Ronald Tuma, PhD
G. H. Stewart Professor, Physiology
Office: Old Medical School room 231
Department of Physiology
Department of Neurosurgery
Center for Substance Abuse Research
The major research efforts in Dr. Tuma’s laboratory are directed at investigation of inflammatory reactions that contribute to central nervous system injury following stroke, trauma, and autoimmune disease, and how modulation of the activity of specific cannabinoid receptors influences the progress of these diseases. Experimental models utilized in these investigations include animal models of stroke, head injury, spinal cord injury and multiple sclerosis (Experimental Allergic Encephalitis). His group was the first to demonstrate that modulation of the activation of cannabinoid 2 receptors has a significant impact on the development of a model of multiple sclerosis, as well as on the magnitude of damage in mouse models of stroke and spinal cord injury, and in collaboration with a group at Jefferson University, head injury. Currently, in collaboration with Dr. Ganea’s laboratory, they are investigating of the mechanisms through which cannabinoids impact secondary damage to the CNS following injury, including effects on endothelial cells, microglia and peripheral immune cells, and how alterations in cytokine/chemokine release may influence interaction among these cell types. They are also collaborating with Dr. Wards laboratory to evaluate the effect of CB2 agonists on memory and learning following stroke and on the potential of this compound to enhance the effectiveness of opioids following injury to the central nervous system. It is hoped that synthetic cannabinoids may therefore have a dual action of increasing the efficacy of pain management while simultaneously protecting the nervous system from damage caused by trauma, disease and treatment with opioids.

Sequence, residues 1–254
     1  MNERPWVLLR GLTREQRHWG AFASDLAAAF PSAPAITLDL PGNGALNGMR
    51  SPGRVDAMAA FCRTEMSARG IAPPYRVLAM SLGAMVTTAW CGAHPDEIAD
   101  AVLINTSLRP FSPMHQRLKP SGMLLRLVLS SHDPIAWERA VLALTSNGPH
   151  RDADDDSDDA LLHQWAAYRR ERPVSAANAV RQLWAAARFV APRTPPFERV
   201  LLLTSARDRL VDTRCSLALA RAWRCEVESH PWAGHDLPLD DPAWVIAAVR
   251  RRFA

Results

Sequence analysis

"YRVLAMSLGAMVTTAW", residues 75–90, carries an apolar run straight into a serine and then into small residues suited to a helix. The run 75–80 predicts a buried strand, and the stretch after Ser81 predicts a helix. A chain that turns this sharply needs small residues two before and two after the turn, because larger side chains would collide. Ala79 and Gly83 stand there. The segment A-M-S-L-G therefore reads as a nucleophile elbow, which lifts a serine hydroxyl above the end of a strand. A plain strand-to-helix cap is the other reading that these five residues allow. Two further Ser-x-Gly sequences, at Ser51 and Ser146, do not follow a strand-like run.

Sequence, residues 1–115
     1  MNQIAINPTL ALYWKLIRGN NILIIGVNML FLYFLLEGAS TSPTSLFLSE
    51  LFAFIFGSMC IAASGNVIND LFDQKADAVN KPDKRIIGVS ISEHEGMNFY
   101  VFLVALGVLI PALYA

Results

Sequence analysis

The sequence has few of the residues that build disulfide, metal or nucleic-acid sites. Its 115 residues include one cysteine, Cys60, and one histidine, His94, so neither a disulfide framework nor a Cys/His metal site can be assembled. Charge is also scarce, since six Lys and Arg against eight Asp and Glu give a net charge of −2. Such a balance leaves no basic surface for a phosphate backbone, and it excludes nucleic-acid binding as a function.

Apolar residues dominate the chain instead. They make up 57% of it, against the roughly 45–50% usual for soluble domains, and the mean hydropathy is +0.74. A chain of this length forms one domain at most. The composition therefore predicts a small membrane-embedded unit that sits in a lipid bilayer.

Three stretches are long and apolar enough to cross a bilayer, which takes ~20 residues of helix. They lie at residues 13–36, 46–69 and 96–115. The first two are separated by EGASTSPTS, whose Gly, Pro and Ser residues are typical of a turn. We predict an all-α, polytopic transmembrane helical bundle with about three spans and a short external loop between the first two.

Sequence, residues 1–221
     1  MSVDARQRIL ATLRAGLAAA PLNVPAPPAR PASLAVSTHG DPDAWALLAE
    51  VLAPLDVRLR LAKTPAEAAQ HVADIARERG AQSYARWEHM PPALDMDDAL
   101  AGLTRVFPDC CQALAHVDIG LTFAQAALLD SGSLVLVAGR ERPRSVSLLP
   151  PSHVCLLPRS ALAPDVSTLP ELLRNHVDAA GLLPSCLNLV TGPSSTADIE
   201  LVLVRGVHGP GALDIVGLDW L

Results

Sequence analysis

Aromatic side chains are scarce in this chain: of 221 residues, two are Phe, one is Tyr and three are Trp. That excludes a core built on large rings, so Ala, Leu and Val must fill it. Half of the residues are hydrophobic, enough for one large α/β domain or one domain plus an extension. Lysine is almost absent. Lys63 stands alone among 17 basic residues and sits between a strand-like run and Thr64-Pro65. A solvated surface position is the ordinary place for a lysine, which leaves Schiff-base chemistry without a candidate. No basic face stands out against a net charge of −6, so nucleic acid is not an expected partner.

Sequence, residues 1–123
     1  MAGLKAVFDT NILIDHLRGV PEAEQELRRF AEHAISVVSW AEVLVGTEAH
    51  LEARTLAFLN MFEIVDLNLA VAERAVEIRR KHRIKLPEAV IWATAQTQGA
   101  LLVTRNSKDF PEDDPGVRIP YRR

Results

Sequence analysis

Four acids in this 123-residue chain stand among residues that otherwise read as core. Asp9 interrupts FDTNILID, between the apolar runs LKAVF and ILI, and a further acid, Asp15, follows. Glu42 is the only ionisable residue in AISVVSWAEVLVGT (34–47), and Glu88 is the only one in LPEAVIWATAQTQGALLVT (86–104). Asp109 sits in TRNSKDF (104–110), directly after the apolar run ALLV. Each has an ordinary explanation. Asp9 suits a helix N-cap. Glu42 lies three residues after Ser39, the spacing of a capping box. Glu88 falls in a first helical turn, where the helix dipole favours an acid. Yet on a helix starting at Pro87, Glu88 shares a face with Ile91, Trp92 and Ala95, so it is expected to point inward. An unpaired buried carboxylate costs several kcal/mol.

Ronald F. Tuma, Walter N. Duran and Klaus Ley. Handbook of Physiology: Microcirculation. Academic Press 2008